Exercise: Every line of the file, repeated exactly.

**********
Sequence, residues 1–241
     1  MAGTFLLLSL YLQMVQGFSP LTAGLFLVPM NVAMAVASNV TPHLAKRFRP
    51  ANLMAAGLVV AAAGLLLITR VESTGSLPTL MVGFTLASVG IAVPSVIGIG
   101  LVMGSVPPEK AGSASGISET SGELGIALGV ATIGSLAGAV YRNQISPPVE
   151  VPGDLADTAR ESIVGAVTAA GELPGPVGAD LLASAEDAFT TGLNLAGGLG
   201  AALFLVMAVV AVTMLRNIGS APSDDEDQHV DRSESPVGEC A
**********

Sequence, residues 1–241
     1  MAGTFLLLSL YLQMVQGFSP LTAGLFLVPM NVAMAVASNV TPHLAKRFRP
    51  ANLMAAGLVV AAAGLLLITR VESTGSLPTL MVGFTLASVG IAVPSVIGIG
   101  LVMGSVPPEK AGSASGISET SGELGIALGV ATIGSLAGAV YRNQISPPVE
   151  VPGDLADTAR ESIVGAVTAA GELPGPVGAD LLASAEDAFT TGLNLAGGLG
   201  AALFLVMAVV AVTMLRNIGS APSDDEDQHV DRSESPVGEC A